Top attractions at high risk of flooding

Analysis published by online flood report provider RiskCentral reveals that many of the UK’s inland tourist destinations are at a high risk, despite being located far from rivers and the sea.

Sites identified as “at risk” may surprise some, particularly recently built venues where the provision of stormwater attenuation would be an important part of the specification process.

Among the top destinations identified as being at risk are Buckingham Palace and modern developments such as the Emirates Stadium in London, Alton Towers Theme Park and Milton Keynes Shopping Centre.

Football stadia and other sports venues feature highly among the locations where we have supplied stormwater systems to reduce flood risk in the last decade, including Old Trafford, Brighton’s Amex stadium, White Hart Lane, Stadium MK and a huge state-of-the-art sports academy. RiskCentral confirms that surface water flooding, which occurs when heavy rainfall saturates aged or existing drainage systems, actually poses a greater risk to British businesses and homes than any other source of flooding.

According to DEFRA, 2.8 million homes are at risk from surface water compared to 1.4 million from rivers and the sea. The company behind RiskCentral is Ambiental Technical Solutions, leaders in flood risk assessment and environmental risk modelling. Ambiental’s managing director Justin Butler says, “We conducted analysis on ten well known tourist destinations in the UK, to highlight the pervasive risk of surface water flooding to buildings across the country.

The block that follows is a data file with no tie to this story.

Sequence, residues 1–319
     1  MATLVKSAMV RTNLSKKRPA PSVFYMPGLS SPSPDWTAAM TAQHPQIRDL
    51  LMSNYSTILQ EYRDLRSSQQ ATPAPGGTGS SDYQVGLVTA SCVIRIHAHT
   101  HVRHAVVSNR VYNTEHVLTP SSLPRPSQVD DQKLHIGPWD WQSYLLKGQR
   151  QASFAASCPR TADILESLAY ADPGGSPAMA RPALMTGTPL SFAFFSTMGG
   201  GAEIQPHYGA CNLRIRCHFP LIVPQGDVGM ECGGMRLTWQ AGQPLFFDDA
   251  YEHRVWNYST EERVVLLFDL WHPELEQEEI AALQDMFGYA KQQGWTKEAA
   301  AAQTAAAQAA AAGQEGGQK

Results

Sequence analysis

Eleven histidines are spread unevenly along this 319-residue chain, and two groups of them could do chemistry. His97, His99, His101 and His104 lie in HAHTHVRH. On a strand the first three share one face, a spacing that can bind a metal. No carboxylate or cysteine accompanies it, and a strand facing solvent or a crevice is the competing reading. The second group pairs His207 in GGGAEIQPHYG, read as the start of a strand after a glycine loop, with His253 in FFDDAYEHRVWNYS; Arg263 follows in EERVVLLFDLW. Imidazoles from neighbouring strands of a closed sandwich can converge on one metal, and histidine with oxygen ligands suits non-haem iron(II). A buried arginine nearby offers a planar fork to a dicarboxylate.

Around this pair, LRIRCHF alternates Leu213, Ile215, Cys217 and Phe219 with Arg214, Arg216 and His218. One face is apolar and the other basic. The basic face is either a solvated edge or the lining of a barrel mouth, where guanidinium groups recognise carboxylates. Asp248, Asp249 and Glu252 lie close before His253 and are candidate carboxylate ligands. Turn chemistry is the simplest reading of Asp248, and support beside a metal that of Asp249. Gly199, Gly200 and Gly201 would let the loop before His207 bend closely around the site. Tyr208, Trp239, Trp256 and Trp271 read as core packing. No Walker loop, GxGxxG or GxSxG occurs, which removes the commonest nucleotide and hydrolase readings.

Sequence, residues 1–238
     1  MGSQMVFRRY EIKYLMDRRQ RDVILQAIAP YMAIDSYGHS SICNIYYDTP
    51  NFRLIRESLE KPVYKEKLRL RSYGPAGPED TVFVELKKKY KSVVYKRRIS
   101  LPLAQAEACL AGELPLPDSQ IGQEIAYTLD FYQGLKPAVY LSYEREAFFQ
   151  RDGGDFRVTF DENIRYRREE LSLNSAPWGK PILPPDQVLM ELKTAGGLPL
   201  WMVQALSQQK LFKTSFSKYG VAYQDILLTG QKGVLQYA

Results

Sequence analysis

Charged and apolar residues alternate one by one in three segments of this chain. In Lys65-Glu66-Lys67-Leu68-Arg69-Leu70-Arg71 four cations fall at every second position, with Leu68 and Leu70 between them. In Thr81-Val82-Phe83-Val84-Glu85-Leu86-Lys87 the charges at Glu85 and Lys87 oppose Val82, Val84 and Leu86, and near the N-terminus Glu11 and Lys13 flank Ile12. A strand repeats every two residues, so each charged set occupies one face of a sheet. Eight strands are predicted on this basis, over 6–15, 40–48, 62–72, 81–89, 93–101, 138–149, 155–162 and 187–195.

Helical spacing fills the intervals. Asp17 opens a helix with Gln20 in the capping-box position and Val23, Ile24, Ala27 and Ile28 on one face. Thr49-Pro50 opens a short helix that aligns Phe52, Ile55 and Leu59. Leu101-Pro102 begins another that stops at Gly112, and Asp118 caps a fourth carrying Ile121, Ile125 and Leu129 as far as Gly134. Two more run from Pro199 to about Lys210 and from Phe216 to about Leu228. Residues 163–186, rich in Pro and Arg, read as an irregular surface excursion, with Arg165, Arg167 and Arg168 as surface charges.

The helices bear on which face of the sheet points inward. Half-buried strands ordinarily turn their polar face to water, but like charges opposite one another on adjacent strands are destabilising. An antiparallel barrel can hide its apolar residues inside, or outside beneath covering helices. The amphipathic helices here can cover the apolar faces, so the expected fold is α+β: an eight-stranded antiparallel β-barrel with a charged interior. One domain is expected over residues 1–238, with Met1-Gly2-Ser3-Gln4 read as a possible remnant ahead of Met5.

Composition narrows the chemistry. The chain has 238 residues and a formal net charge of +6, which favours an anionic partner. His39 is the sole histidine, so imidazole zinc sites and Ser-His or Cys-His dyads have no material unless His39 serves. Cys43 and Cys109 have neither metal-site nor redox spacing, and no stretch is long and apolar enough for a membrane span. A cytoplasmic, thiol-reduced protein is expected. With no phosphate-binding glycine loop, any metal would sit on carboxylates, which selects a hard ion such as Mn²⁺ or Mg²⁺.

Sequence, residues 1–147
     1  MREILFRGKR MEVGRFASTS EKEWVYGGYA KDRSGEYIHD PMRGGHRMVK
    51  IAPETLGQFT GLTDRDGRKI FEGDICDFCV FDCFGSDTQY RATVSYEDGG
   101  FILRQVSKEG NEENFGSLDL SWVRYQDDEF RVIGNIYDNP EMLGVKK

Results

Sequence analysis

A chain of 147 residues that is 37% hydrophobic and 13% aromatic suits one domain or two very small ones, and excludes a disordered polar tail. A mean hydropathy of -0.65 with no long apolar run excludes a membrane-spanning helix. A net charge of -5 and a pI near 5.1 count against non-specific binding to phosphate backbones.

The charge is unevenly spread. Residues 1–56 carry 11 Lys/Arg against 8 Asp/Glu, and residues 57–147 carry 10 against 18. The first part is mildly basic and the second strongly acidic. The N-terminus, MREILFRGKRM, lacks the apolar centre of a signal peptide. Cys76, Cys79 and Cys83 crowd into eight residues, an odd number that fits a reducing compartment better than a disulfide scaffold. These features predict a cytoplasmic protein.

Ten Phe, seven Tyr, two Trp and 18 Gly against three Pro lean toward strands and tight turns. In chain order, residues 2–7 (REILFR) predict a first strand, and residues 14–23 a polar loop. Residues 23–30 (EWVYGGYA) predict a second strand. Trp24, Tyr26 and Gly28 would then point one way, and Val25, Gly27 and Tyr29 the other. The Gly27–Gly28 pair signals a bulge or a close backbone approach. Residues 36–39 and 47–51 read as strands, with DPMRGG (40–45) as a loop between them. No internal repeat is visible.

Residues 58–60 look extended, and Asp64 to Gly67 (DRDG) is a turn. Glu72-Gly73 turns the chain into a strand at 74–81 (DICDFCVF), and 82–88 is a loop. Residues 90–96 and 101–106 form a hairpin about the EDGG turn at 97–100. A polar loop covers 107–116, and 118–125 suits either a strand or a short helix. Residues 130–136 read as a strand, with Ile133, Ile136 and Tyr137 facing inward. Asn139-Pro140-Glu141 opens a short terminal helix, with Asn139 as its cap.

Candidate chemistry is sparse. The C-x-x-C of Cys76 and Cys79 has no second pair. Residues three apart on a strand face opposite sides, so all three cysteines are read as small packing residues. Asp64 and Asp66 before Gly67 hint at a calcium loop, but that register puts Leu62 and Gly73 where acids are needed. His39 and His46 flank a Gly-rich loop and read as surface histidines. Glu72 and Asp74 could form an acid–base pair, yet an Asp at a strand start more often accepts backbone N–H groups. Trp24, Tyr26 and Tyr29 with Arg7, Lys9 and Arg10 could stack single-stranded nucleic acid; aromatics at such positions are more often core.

“With flooding now the greatest natural threat to businesses and homes in the UK, we want home owners and buyers to be more aware of the potential risks to their property.

The publication of RiskCentral’s analysis follows the recent news that flood insurance pay-outs in 2012 were the highest for five years. According to the Association of British Insurers (ABI), the cost of claims last year topped £1bn following the wettest year on record in England and Wales.